Some recruiters will focus on the quality of education since leaving school, others on the personal characteristics from the accompanying letter, others on the number of teaching roles, types of schools, loyalty/commitment to previous jobs.

Step 3: The interview

Resources are stretched at this point. Visiting candidates in their own environment is important, but how much time out of school does that entail? Where are the gaps plugged in staffing? Supply for two days to get out and see the candidates?
Lesson observations with the cohort of the position advertised. The impact of this on the children is unsettling – can it be completed in one day to reduce this?

Including a school council task or a tour of the school can offset timings so do we use a “round-robin” approach to minimise disruption. This is the model that has been chosen most recently in recruitment in our small school. A 30-minute lesson observation, 30-minute interview with the school council, and a 30-minute interview with a panel.

The advantages lie in a panel of recruiters sharing professional dialogue and personality viewpoints that can be thrashed out in robust discussion, hopefully giving greater confidence for all stakeholders in the ultimate decision. Additionally, the access all staff have to meeting the applicants can support the decisions and is an important part of inclusion as a staff team.

However, this could muddy the waters. The ultimate conclusion must lie with the senior leadership team and those who articulate the vision. It is essential that all opportunities to see everything that the candidates offer are appropriated.

It certainly isn’t a time for flippancy and complacency. Personally, I like to see the applicants teaching the cohort that they will teach if successful – to see their interaction, organisation, professionalism, flexibility for the inevitable hiccups, opportunity to show incidental learning as well as the meticulously planned, but also the adaptation to differentiate on first meeting the new children and the speed in addressing needs and levels of understanding.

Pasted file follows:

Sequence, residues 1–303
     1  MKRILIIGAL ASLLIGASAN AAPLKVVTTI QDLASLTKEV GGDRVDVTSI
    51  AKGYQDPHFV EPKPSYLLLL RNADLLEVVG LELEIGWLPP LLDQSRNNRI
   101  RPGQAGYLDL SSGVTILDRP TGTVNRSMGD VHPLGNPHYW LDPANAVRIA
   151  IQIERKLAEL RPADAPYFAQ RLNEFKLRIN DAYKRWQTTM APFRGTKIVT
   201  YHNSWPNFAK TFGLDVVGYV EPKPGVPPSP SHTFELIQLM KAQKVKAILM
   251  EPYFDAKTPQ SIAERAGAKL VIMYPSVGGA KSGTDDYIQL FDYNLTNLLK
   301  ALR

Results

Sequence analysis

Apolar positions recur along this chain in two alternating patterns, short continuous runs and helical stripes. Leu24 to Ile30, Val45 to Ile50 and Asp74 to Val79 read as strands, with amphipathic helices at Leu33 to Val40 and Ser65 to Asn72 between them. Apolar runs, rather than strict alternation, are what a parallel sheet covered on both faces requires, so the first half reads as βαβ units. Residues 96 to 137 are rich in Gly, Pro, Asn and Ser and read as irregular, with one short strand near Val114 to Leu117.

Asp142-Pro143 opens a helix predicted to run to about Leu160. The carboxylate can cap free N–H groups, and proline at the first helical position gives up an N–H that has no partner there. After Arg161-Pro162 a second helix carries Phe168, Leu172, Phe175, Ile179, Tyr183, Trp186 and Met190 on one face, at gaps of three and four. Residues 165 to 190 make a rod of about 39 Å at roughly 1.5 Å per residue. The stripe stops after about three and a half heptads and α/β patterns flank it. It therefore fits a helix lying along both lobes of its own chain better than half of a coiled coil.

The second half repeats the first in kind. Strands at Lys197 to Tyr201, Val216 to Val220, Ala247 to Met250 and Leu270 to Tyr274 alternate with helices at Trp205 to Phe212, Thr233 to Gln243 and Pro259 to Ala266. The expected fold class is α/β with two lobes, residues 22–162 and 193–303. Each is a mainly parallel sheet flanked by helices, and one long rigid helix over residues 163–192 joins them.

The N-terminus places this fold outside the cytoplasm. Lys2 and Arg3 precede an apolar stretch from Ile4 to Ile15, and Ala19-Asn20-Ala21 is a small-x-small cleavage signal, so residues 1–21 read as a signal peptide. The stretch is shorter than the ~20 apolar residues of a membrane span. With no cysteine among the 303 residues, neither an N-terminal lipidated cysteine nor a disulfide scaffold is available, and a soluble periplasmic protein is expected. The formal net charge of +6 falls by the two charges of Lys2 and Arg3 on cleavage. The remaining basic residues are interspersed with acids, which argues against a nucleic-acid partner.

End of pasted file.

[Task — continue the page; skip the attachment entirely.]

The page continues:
Step 4: References

What exactly do they tell you about the capability and suitability of the candidate? From a safeguarding viewpoint – an absolute must. But in terms of whether they are right for you and your school, references cannot possibly do that. But they can give an indication of where the really secure attributes lie.

“A wonderful teacher”, “a fabulous team player”, “wonderful AfL” – but is this evident in a large school with a PAN of 90 per year, where teachers plan collaboratively, share teaching assistant deployment and have a school policy based on published schemes, or being a class teacher in a mixed year class, leading the school in globalisation and British Values in a Christian context or deploying multiple teaching assistants with a need for layered and consistent differentiation in every lesson?


Getting it right is a non-negotiable. A quality teacher, with a strong and robust knowledge of the curriculum (at the age range taught as well as above and below) is a significant specification. You can’t “carry” colleagues in the longer term. This does not dismiss NQTs and RQTs.

As a headteacher you get a gut feeling for candidates positively and negatively. How much do these play a part in the final outcome? To what degree can they be trusted? How easy is it to displace adversities and colleague opinions, and invest in your own instinct? You must be careful. You must collaborate. You must speak with honesty and evidence. You must listen to each other’s opinions...

  • Rachel Jones is headteacher of Kingsley St Johns Primary School in Cheshire.